Eric Zimmerman, Ranjit Bhatnagar, Frank Lantz, Peter Lee, Michael Sweet: FLUID

 
  • ©2002, Eric Zimmerman, Ranjit Bhatnagar, Frank Lantz, Peter Lee, and Michael Sweet
  • FLUID installation

Artist(s):


Title:


    FLUID

Exhibition:


Creation Year:


    2002

Medium:


    Interactive Installation

Category:


Keywords:



Artist Statement:


    Housed in a blue plastic industrial waste container, FLUID is a multi-level touchscreen installation, an ecosystem as play, a system designed for meaningful interaction. The touchscreen is parallel to the floor, and players interact with the system by touching, stroking, and poking at the screen. This core activity is the sensual substratum with which the user explores relationships among the elements of the system.

    Within the ecosystem of the screen live a number of simple organisms, each species relating to the user and to each other in unique ways. Some of the organisms need to be guided by the user in order to move about the environment. Others have their own means of locomotion. Some of the elements can be combined with others to form new organisms. And some of the organisms have the ability to transform elements of the ecosystem.

    The elements of the ecosystem include:

    • Algae, the grid of dots that form the substratum of the system.

    • Feeders, organisms that have to be assembled by players and that in adult form turn algae into edible food.

    • Foragers, hungry creatures that move toward and eat edible food.

    • Muck, the gray substance that first appears and spreads slowly about the screen when a player touches a forager.

    FLUID is a system, abstracted to a simple, stylized language. The graphics resemble geometric design patterns of the 1950s. The rich audio mixes natural sounds with procedurally generated electronic static. Playing with FLUID means exploring the relationships between the organisms. In a sense, the structure of the ecosystem, the interactions between the organisms, is itself the content. The immediate sensuality of the experience, combined with the dynamic quality of the evolving ecosystem, provides a curiously structural set of pleasures. The toy-like interaction rewards deeper and deeper exploration, as players continue to uncover the relationships between the organisms. For example, to rid the ecosystem of muck, the player has to lead the foragers around the screen by strategically moving the feeders over algae, creating a trail of “bread crumbs” that indirectly maneuver the foragers toward the muck. In order to accomplish this goal, the player has to understand the properties of all of the elements in the system: the algae, feeders, foragers, and muck.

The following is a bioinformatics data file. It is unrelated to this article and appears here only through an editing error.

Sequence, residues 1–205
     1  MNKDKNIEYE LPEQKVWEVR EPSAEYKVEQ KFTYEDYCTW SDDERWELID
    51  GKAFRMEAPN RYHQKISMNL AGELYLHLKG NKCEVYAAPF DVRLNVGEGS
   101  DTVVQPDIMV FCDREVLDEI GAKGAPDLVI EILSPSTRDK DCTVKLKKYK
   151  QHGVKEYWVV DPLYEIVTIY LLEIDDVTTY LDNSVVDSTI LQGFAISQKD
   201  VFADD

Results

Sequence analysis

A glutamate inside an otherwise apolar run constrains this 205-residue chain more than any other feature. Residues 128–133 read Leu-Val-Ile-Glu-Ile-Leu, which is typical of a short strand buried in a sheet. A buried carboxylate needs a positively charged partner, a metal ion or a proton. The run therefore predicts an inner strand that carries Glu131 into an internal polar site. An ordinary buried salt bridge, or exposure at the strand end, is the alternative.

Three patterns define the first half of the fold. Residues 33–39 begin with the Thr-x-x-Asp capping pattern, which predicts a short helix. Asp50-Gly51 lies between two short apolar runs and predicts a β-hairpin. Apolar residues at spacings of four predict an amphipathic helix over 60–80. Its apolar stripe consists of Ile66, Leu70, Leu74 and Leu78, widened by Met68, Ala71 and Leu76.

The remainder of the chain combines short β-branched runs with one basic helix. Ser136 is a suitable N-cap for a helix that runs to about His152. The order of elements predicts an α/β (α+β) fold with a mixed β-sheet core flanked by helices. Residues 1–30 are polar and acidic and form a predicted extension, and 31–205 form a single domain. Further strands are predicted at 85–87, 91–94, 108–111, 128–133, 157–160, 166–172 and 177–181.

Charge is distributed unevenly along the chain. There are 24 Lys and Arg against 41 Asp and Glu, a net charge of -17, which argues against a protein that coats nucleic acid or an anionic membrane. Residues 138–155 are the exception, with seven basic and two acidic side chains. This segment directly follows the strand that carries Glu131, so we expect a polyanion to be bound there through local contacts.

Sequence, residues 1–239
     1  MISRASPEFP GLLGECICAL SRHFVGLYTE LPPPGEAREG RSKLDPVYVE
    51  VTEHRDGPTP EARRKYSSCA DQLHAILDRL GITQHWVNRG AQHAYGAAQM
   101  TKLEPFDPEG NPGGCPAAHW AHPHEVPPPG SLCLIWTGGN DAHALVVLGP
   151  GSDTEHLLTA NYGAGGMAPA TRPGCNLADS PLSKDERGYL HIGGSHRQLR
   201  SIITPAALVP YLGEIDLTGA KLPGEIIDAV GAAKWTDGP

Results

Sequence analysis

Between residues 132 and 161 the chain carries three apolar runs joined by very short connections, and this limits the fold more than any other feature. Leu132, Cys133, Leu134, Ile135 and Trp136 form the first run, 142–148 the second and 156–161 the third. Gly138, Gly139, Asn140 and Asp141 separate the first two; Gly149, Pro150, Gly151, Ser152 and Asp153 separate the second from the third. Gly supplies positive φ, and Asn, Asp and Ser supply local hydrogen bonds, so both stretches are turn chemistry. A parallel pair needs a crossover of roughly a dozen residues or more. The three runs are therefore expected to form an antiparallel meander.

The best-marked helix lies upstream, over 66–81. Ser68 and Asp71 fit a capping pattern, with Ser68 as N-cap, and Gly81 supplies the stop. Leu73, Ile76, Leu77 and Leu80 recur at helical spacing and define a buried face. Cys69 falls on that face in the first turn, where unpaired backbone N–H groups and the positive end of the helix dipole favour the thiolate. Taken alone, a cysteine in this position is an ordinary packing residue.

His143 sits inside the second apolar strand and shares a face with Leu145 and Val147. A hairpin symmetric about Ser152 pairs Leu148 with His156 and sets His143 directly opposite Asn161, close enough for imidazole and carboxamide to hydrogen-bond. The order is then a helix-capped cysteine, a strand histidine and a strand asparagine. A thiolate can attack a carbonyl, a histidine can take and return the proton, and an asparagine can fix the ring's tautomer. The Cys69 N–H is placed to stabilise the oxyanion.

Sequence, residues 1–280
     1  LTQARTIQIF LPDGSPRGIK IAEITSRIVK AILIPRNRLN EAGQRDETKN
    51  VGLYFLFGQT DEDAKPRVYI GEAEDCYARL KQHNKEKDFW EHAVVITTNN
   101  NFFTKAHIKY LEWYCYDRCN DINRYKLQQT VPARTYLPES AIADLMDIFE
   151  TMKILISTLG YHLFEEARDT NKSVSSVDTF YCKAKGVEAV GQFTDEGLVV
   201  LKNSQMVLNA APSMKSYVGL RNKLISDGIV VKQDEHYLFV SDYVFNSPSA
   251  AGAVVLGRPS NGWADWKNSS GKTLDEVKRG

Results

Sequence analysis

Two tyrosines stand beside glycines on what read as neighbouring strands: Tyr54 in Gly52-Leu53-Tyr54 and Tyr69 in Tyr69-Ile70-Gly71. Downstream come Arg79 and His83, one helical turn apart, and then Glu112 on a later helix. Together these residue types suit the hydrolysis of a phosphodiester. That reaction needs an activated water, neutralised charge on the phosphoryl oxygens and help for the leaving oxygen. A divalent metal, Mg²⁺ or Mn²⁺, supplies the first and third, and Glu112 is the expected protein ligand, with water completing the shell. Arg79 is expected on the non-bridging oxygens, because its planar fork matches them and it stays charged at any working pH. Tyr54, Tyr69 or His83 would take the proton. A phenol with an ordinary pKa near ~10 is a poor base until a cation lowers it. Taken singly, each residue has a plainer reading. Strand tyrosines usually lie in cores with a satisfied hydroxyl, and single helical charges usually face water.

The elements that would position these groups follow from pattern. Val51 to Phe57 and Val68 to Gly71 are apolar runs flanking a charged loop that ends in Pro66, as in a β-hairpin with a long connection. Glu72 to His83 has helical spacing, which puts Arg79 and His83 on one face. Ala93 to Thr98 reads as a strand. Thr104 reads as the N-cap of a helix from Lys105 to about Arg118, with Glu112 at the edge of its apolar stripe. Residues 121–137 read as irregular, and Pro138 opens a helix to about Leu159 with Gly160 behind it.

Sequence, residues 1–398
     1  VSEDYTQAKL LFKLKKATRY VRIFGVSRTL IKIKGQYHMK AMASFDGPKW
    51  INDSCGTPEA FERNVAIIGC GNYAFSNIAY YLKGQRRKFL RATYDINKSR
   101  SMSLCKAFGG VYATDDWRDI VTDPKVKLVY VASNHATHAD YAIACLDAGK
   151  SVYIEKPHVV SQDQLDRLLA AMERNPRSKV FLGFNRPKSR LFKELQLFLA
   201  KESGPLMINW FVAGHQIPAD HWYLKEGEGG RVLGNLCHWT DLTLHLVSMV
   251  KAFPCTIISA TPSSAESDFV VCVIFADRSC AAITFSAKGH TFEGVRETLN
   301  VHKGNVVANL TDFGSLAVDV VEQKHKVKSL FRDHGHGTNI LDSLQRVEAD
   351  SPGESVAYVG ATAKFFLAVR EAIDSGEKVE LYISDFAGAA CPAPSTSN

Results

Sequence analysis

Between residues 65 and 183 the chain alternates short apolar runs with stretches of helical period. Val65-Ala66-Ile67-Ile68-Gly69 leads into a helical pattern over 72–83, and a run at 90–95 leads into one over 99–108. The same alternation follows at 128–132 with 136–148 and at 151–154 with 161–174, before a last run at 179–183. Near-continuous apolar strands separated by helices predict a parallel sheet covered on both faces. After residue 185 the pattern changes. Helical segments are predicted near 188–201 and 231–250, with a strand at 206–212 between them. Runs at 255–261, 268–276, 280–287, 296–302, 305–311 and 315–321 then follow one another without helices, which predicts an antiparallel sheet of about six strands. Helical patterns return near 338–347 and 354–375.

There is also within FLUID a kind of moral fable. Interacting with one of the organisms in the ecosystem releases an unpleasant gray “muck” that slowly spreads across the entire screen if the player does not discover a way to stop it. If FLUID is a game, then the goal of the game is to eliminate the muck from the screen. Yet paradoxically, the muck is only present because of the user’s own seduction to interact with the system.

    FLUID was commissioned from gameLab by the Swiss Re Center for Global Dialogue.


Technical Information:


    Inside the plastic industrial waste container is a high-end Windows PC. Speakers and a subwoofer are also inside the container. The LCD touchscreen measures 20 inches diagonally. It is set flush inside the lid of the waste container. The FLUID software is a Director 8 Projector file.


Process Information:


    As with all gameLab projects, FLUID evolved through a highly iterative process. Our design and development methodology has a strong emphasis on prototyping and play testing, in which we develop a playable version of a project as early as possible and then base our design decisions on our actual experience of interacting with the prototype.

    gameLab was initially approached by the Swiss Re Center for Global Dialogue to create a game experience on the theme of water and sustainability. FLUID began life as a short written treatment, which was quickly turned into a rough, skeletal prototype. The visuals evolved as we altered, redefined, and tweaked the player interactivity and the relationships among the elements of the system.

    While our initial impulse was to create a graphically rich 3D experience, the game visuals became simpler and simpler as we proceeded. Since we were aiming for a gallery context, the moment-to-moment interactivity had to be self-explanatory and immediately gratifying. At the same time, it was important that players be able to discern the actual relationships among the ecosystem elements. The final version of FLUID has a balance of ambiguity and clarity. It is a puzzlingly abstract system that rewards exploration and experimentation.


Affiliation of Artist When Artwork Was Created:


    gameLab

Other Information:


    Images:

    2-5: FLUID screenshots


Additional Images:



©2002, Eric Zimmerman, Ranjit Bhatnagar, Frank Lantz, Peter Lee, and Michael Sweet ©2002, Eric Zimmerman, Ranjit Bhatnagar, Frank Lantz, Peter Lee, and Michael Sweet ©2002, Eric Zimmerman, Ranjit Bhatnagar, Frank Lantz, Peter Lee, and Michael Sweet ©2002, Eric Zimmerman, Ranjit Bhatnagar, Frank Lantz, Peter Lee, and Michael Sweet ©2002, Eric Zimmerman, Ranjit Bhatnagar, Frank Lantz, Peter Lee, and Michael Sweet